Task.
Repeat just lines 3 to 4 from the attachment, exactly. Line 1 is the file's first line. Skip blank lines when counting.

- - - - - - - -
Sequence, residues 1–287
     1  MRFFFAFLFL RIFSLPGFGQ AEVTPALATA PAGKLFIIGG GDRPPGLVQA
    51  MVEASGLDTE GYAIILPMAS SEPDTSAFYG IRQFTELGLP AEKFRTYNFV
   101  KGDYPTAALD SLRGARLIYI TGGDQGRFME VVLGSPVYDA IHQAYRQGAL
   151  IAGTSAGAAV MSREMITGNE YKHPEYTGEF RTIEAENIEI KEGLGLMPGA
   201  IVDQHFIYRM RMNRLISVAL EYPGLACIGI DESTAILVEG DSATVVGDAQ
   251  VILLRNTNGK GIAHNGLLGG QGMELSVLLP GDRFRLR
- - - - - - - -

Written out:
    51  MVEASGLDTE GYAIILPMAS SEPDTSAFYG IRQFTELGLP AEKFRTYNFV
   101  KGDYPTAALD SLRGARLIYI TGGDQGRFME VVLGSPVYDA IHQAYRQGAL